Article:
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The Bridge and I

November 2, 2012

Most runners are quick to tell you that running hills is beneficial, if not crucial, to developing strength and speed for runners. Unfortunately for me, hills are hard to come by in my part of the world, so the only way to practice hill running is to either run on a treadmill or find a man-made hill. Since many local runners do their long runs on the beachfront road, we can incorporate the drawbridge over D. R. Road quite easily. Its span begins about a quarter-mile from the running / triathlon store where most runners start their long runs, and from that plaza to the opposite side of the bridge is almost exactly one mile. A runner who starts the run from the store, heads west over the bridge, and then returns, is already two miles into the run, with some decent hill miles on her legs. Alternately, a runner could also choose to do the early miles on the beachfront road, then reserve the last two miles for the bridge. There’s something to be said for the experience of running up the bridge on tired legs: as long as you do it wisely, it’s extremely good training.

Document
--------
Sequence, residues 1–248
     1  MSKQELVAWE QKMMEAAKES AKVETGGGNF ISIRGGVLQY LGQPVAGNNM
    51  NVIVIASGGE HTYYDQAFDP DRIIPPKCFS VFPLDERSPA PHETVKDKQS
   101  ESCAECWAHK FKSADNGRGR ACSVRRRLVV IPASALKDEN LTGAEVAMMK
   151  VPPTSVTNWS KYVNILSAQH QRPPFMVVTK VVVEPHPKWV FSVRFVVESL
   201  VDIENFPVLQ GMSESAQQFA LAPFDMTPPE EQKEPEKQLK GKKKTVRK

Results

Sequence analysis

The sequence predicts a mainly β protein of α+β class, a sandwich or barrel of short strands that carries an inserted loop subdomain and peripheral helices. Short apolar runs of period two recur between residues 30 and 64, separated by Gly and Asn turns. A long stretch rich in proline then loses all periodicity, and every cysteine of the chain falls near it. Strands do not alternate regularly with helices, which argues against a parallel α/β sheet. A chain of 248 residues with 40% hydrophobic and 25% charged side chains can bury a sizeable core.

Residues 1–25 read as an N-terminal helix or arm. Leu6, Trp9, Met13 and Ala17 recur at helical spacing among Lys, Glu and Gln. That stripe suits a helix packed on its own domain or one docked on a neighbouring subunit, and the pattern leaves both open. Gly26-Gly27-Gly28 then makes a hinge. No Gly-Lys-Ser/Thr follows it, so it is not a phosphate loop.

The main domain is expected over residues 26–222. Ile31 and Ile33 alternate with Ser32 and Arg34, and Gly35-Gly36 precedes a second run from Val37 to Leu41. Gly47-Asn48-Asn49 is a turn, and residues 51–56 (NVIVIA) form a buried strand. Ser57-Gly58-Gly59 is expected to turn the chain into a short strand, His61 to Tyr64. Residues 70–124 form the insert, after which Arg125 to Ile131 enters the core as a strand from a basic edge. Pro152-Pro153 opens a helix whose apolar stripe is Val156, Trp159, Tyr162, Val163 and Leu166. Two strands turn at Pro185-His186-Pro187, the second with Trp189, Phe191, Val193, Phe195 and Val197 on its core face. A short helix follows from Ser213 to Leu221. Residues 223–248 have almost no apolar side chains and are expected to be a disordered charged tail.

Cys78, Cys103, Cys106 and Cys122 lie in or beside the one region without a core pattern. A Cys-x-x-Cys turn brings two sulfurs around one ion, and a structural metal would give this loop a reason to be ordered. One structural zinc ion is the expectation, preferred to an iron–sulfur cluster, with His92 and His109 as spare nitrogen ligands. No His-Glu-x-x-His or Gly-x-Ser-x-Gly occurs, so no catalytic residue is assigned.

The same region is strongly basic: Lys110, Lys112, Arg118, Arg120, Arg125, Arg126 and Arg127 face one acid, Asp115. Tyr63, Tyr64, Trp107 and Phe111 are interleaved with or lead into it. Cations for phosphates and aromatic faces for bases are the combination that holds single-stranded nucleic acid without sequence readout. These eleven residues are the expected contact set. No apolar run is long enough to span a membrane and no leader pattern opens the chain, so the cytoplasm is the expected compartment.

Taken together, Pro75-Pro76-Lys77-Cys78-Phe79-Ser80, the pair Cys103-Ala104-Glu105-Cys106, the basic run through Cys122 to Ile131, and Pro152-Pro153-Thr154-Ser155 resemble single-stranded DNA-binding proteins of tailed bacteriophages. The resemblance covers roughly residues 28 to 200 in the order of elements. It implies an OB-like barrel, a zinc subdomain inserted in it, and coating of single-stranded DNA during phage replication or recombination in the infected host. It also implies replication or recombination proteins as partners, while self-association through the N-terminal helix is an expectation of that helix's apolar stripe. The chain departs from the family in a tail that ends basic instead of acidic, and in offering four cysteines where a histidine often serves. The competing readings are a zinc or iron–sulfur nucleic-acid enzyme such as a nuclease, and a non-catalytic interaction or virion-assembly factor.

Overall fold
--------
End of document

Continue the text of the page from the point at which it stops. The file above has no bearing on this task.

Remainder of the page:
Until last year, I hadn’t done a lot of strict hill training, though I’d regularly incorporated the bridge into most of my long runs. But last year, my training partner Little G asked her physical therapist to give us some training tips, and she started by giving us specific hill training tips as we prepared to take a run at our half marathon bests.

She prescribed increasing repetitions of bridge runs, which required that we run the uphill portion of the bridge at a fast but controlled pace, then walk the downhill portion. Because running downhill requires a runner to brake to avoid tumbling head over heels, its mechanics are much more stressful to the joints, and the risk of injury is magnified. Running uphill, especially at this quick but controlled pace, increases leg strength, and therefore, develops speed.